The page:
Let’s get really honest really fast here. I consider myself a good business person. I make decisions swiftly and effectively most of the time. I have strong ideas with a lot of follow through. But the reality is that being a good business person isn’t all about gavel banging and big ideas; that is just the fun stuff. I’m good at the fun stuff. I can take pictures for days, post on social media endlessly, find topics to write about on my blog, etc. etc. etc…
But that isn’t the GRIT that it takes to run a successful business.
Let’s define successful business. I don’t just mean a “working” business, or a “bringing in money” business, or a “getting by” business. I mean a business that runs smoothly, is profitable in the ways that it wants to be, and treats clients in the most respectful way possible.
I started my business when I was 22 years old, and was 21 when I started laying the groundwork for it. I was very naive. I had no experience in running a business or in business at all. I never even bothered to take a class in college despite having that available to me (Oh what I would do differently now!). I would say that I entered into my business selfishly. Not in every way, but in some ways that ended up being really detrimental to my work. The number one way I messed up from the get-go is thinking that I didn’t have to do anything I didn’t want to do. Let me explain.
My stubbornness in wanting to do only what pleased me was really good in some ways. It allowed me to focus like a lightning rod on the tasks that brought me joy. That proved to be helpful in starting a very specific business that eventually grew in only those aspects. I wouldn’t do that differently at all. I would never go back and accept odd jobs or different types of photography sessions because that was not my passion and therefore not my pursuit.
What took me six or seven years to learn was how to separate what I want from what my clients deserve. A business requires two types of respect: respect for your clients and respect for yourself. I had respect for myself, enough to only do what I loved. I lacked in respect for clients. I did what they asked for the most part, but I did it in my own time. I lacked respect for other people’s time, and in doing so, didn’t respect my own time.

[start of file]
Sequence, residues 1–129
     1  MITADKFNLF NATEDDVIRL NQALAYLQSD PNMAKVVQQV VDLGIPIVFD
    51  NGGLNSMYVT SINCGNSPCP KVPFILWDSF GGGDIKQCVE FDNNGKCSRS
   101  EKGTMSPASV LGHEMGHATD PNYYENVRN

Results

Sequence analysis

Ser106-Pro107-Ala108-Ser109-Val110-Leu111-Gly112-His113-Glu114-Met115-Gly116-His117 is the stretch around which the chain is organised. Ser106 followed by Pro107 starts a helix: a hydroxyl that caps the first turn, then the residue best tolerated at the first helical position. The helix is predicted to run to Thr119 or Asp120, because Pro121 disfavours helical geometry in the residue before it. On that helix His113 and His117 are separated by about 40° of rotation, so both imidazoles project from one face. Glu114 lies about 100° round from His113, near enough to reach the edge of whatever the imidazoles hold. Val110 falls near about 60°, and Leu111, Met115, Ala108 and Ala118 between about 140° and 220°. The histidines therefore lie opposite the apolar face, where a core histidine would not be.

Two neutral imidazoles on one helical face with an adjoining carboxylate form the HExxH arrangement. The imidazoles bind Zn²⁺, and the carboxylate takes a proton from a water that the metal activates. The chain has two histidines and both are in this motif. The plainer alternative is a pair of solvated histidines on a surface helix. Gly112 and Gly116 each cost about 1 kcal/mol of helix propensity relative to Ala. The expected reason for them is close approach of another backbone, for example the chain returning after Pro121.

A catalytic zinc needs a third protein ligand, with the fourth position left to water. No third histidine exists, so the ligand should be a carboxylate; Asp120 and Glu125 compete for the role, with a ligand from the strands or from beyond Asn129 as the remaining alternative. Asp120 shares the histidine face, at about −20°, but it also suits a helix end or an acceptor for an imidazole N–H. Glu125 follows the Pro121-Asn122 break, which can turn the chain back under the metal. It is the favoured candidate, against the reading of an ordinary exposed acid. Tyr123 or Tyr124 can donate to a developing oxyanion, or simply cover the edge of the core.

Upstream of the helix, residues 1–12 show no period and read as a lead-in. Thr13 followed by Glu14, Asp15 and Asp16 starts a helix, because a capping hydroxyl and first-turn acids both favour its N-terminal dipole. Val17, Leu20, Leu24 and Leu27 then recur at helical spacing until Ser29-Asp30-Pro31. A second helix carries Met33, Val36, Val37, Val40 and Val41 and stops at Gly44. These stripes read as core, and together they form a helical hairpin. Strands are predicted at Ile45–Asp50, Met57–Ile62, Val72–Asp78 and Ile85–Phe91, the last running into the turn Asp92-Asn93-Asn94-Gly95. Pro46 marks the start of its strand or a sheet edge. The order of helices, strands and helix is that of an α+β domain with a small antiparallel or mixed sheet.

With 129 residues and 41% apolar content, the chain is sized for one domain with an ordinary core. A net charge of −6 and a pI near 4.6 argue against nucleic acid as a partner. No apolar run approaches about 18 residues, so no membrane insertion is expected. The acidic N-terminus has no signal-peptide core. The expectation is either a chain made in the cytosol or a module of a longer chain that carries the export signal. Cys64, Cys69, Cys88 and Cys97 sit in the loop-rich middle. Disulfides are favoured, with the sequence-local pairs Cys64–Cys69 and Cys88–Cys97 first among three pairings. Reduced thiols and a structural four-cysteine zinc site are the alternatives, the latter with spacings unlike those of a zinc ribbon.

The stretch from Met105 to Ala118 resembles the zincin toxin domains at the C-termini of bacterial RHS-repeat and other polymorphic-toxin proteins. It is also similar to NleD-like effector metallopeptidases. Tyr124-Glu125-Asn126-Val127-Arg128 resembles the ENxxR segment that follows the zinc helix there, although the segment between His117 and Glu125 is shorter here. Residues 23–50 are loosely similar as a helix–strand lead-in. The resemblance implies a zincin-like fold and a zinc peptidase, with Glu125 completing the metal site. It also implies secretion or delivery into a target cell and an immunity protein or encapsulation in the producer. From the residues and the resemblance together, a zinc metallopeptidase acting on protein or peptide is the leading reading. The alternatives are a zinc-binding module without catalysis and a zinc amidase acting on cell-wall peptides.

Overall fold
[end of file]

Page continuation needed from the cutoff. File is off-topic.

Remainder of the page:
For years and years I told myself that I simply got too many emails to deal with it. I wouldn’t respond to people, or I would take months to get back with people. It cost me money in jobs, but far more importantly, it cost me relationships. My attitude was that I was above it all – that I could respond whenever it suited me and I rarely thought about that person waiting. (Well, I might be exaggerating at how bad I was, but still, it wasn’t good!). I decided at some point that I wanted to change my behavior so I hired an assistant. She helped a lot and I was able to mostly stay on top of my work. It was a wonderful 2 1/2 years. And then that ended, and in October I found myself alone again working as a business of one.
Come December 1st I knew I wanted to make a change, and I didn’t want to go back to my old ways of being unreliable. I liked the feeling of being in control of every aspect of my business. In that way it felt the same as doing self-portraits. I love being in full control, so why not in business as well as creativity?
On December 1st I reformed. I became a totally new business person. I made these significant changes:
Email Labels. I have had email labels for a long time, but I really got to using them properly. I made two folders, one called “Fresh Greetings” and another called “Pending”. Every time I would receive an email I would put it in Fresh Greetings, and when I answered it, I took it out. When my Fresh Greetings folder was empty, I knew I had finished my emails. My Pending folder is for emails that couldn’t be responded to yet.